Fantasy and science fiction are genres that are only limited by our imaginations. Authors create worlds and destroy them. They develop cultures and societies and all the things those societies entail, including diseases. This is a double-edged sword. The ability to create a disease or illness also gives authors the ability to cure the disease, illness, or disability easily. The guy who gets his arm cut off ends up with a robotic appendage. The lady who is blinded learns she’s really a seer. While that’s all fine and good, that makes disability more of a means to an end rather than an actual disability.
Disabilities are limiting, but they are also empowering. Those of us who have been through, or are currently enduring, life altering circumstances can vouch for the fact that these situations are challenging, but they are also opportunities many of us use to grow and develop. We learn more about who we are and what we are capable of while we struggle than we do through quick fixes. Cancer was hell and I wouldn’t wish it on my worse enemy, but it taught me more about myself and the human condition than I could have learned otherwise. The books that tap into struggles, and the ways they can transform people, are the books that tend to speak to people on a soul-deep level. They are the books that people remember because they speak to all of us, and the parts of us that have been strengthened by hardships.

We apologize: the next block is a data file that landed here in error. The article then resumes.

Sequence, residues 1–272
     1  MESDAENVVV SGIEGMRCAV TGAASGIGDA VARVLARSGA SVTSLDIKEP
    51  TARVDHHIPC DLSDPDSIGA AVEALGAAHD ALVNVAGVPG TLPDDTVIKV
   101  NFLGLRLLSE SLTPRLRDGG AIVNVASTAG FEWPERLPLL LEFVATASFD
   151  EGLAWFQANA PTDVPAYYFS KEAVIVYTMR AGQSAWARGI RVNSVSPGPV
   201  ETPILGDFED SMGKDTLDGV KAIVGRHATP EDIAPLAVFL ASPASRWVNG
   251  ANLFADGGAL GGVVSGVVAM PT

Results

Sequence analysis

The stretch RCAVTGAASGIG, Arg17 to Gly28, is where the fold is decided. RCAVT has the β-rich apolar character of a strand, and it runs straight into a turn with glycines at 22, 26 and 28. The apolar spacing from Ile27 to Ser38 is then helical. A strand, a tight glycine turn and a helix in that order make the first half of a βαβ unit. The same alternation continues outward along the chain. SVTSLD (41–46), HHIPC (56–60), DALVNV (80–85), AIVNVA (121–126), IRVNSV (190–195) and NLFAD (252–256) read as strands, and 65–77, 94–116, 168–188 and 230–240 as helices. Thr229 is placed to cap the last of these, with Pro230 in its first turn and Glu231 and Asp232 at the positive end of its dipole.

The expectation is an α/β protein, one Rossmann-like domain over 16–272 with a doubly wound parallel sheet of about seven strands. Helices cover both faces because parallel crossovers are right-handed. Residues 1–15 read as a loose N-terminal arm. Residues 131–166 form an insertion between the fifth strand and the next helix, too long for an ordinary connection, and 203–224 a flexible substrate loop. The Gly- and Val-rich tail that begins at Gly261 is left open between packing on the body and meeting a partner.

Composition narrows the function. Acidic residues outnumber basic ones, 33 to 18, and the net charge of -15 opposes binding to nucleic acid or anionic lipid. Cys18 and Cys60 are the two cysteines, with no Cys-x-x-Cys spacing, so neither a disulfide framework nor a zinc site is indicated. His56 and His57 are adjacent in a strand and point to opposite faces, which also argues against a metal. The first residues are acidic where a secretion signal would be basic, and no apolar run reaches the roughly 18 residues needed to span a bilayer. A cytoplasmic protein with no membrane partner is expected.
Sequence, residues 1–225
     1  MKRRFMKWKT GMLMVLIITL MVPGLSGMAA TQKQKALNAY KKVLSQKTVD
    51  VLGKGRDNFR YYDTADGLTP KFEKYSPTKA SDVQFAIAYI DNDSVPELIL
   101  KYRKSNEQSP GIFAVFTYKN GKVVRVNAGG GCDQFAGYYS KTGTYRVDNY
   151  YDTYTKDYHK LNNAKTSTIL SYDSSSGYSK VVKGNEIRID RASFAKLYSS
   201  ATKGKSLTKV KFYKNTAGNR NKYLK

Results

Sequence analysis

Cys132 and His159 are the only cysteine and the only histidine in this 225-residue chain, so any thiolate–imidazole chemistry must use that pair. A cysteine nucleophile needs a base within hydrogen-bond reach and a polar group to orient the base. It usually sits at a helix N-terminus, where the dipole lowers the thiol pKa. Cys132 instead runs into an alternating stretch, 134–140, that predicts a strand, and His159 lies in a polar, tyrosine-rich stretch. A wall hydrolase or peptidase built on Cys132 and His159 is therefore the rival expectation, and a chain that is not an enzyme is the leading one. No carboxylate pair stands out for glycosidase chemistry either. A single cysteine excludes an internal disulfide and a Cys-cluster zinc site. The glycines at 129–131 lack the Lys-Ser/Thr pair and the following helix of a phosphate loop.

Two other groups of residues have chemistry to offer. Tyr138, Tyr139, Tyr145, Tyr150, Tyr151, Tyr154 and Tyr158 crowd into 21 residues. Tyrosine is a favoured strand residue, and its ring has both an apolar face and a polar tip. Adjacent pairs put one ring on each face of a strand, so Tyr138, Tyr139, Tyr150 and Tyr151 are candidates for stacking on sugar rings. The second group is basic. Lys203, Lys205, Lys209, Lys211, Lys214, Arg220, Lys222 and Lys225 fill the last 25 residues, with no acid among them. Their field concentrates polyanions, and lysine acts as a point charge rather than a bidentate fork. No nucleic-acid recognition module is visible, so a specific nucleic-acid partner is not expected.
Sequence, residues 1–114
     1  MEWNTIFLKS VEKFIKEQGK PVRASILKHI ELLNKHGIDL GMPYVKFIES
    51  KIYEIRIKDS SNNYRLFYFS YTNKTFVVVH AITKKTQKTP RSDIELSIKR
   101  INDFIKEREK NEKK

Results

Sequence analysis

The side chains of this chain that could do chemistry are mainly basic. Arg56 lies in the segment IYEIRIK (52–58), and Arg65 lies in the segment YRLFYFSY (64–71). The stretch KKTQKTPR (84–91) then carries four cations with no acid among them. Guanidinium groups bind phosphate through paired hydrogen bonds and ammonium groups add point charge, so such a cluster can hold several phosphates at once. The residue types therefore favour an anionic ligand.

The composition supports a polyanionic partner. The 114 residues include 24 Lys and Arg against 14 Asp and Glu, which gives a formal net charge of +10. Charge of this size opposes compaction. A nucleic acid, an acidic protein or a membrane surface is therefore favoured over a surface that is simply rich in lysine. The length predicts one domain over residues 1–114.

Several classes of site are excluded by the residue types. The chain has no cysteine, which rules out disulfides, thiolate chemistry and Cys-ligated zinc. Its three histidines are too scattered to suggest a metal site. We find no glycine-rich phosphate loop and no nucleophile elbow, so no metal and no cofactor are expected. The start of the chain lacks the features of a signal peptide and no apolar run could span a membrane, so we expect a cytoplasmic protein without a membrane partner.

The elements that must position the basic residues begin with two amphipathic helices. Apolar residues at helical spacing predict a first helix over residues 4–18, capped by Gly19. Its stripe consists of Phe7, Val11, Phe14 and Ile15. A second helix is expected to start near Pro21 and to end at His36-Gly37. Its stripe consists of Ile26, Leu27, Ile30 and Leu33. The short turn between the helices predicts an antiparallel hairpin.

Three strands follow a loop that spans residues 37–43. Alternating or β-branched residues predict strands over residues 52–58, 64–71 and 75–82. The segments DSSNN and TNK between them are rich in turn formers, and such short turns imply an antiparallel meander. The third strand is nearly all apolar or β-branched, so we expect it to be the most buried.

The thing about quick fixes is that they aren’t real. You can’t just zap away cancer, and if your arm gets blown off in a war, you don’t get fitted with a robotic arm and move on like nothing happened. If you’re blinded, you don’t get prophetic sight. There aren’t quick fixes in life. Sometimes bad things happen. Someone will feel pain from a phantom limb for his or her entire life. If you’re blinded, you have to learn other ways to function and live. It doesn’t go away. Some pains haunt us, and even if we grow and learn from the illness or disability, it will leave behind soul deep scars. For example, Miriam Black from Chuck Wendig’s series is absolutely isolated in her life because of her ability to see how people die. Her ability has become a disability in some ways, and Wendig takes pains to portray how that effects Miriam, often uncomfortably. It’s limited her, but it’s also changed her – not always for the better, but it has changed her, and he shows her character evolution and development. That’s one reason why his series is so amazingly powerful. Sometimes people hurt, and Wendig’s Miriam Black is a perfect example of that.
In Disability in Science Fiction, edited by Kathryn Allan, Allan says: